Gloria Anzaldua’s “How to Tame a Wild Tongue” focuses on the importance of language, specifically, how it shapes a person’s identity. Her publication outlines the different languages Anzaldua speaks that being Chicano Spanish, Pachuco Spanish, Standard Mexican Spanish, and North Mexican dialect. In addition, when asked about her culture, she would say she is mexicana, Chicana, tejana, and raza. Her languages intersected with her identity as she considered herself all four. Consequently, after reading Anzaldua’s story, I have contemplated my languages that intersect.
We hear the word romance and instinctively, we think about love, passion, marriage, and women. In his essay “Mexicans, Foundational Fictions, and the United States: Caballero, a Late Border Romance,” Jose E. Limón describes how the novel Caballero exemplifies different aspects of the historical romance genre, including the idea that the marriages presented in the novel between American men and Mexican señoritas can be seen as a “consolidation of the groups they semi-allegorically represent” (Limón 350). I agree with Limón’s interpretation of the intermarriages between the Mendoza y Soria girls and the Americanos symbolizing both cultures coming together and foreshadowing change. However, I would add that González and Raleigh present the intermarriages as characteristic of the two subcategories of the historical romance genre: fantasy and realism. By analyzing the passion and sexual desire, as well as the political and social changes prevalent in the time period, González and Raleigh are able to fully develop the narrative of a Mexican American historical romance novel.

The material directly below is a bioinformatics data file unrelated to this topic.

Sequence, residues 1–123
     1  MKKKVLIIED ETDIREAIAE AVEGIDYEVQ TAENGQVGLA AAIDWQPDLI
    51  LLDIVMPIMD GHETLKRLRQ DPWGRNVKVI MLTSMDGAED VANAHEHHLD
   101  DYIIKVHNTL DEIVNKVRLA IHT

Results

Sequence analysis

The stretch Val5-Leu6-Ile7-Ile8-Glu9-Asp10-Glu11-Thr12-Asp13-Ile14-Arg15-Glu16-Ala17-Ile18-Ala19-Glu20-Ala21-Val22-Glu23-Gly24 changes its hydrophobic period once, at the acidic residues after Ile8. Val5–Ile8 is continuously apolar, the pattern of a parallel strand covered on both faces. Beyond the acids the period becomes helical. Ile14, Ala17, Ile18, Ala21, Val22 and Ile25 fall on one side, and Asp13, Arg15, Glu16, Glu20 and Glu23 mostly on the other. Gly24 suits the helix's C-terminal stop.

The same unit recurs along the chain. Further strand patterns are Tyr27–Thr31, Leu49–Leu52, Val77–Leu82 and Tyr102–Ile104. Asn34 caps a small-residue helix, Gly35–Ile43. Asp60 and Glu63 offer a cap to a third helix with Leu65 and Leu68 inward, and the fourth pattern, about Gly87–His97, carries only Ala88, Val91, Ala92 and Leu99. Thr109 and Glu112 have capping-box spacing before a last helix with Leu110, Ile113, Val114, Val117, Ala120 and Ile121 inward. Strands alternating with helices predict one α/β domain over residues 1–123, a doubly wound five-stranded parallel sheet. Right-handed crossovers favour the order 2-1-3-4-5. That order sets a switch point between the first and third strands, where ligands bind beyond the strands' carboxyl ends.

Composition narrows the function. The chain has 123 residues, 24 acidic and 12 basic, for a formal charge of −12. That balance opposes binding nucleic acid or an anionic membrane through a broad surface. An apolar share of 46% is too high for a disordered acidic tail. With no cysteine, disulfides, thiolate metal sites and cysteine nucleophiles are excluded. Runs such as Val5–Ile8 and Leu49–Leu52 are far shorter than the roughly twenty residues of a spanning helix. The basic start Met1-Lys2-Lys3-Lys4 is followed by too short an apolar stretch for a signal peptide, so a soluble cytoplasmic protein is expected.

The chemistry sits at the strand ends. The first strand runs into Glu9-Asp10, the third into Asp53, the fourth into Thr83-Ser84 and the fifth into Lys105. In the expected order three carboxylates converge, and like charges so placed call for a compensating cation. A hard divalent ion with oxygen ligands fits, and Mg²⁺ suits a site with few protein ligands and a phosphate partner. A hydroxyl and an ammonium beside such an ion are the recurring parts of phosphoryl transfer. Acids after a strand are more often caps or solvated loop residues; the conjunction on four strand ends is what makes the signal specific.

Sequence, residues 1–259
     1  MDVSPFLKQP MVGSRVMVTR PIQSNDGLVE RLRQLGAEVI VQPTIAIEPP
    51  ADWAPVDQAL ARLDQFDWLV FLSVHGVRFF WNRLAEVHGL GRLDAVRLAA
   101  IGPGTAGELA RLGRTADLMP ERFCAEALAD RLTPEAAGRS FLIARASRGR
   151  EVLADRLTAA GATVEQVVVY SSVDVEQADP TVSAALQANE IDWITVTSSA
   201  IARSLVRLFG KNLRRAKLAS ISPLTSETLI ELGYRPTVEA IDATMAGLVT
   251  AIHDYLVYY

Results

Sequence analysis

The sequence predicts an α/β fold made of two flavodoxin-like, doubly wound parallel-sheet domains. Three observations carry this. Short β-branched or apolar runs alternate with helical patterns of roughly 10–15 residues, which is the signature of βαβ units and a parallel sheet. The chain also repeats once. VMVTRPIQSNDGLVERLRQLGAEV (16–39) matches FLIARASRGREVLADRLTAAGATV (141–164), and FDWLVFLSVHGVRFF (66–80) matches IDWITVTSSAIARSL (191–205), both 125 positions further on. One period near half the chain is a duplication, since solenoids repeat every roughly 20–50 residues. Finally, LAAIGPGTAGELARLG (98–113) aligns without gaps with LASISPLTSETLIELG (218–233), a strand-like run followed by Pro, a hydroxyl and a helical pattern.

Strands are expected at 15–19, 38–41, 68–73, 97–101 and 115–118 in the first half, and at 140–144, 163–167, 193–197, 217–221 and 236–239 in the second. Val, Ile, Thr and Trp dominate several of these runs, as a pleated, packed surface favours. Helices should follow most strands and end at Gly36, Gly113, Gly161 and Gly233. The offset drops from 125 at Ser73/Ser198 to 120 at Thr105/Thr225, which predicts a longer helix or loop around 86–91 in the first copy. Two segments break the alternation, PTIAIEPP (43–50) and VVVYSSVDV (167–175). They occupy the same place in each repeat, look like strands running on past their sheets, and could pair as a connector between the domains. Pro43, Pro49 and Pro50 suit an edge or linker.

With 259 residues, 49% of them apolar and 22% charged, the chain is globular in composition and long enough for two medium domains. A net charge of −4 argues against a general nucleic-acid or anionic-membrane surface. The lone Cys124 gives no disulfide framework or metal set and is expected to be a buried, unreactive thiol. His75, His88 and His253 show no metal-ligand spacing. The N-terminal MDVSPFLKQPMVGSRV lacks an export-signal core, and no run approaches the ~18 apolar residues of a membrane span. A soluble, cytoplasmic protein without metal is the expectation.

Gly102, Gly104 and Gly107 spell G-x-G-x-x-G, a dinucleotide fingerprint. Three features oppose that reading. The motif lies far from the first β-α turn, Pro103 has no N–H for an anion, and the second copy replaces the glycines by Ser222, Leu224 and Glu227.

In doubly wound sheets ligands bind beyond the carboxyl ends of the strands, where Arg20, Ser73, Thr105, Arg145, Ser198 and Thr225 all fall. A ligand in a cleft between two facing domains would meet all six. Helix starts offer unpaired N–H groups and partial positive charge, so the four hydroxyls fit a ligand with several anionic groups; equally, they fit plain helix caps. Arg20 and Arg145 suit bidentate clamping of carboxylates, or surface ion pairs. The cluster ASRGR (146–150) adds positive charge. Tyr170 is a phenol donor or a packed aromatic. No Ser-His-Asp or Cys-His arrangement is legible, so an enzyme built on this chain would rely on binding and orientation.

It made me want to read so that I could attempt to understand why she chose what could be considered a basic Spanish phrase when the translation of the title is “Spanish speaking.” The title “Mother Tongue” is almost brilliantly misleading. My first thought when I read the title was that this story would be about a language that the author spoke before moving to another country and having to learn a new language, but I was incredibly incorrect. This is about English as a language and how easily the author switches from a version that is eloquent to a version that many would considered to be broken. She talks about how many people have judged her mom’s English skills and how she has even been ostracized because of it, but how it inspired the author’s writing style. The title is a fitting tribute to her mom and how she shaped the author’s English skill and the author as a person into who she is today.
Juana Ramírez y Asbaje, otherwise known as Sor Juana Inés de la Cruz is an extraordinaryfigure in the history of Spain and vice-regal Spanish-America. Most widely known as a poet, Sor Juana offers a wide array of literary works that serve as a look into the dynamic world of seventeenth-century Hispanic literature. Considered the last great author of Spain’s Golden Age,Sor Juana and her influence contributed to creating a Mexican identity in the New World. In the process of studying and analyzing her literary works, I owe much to both feminist scholarship and post-colonial theory and criticism. Feminist scholarship views the nun as a foremother for femalewriters and the first woman to speak out for the intellectual rights of women in education.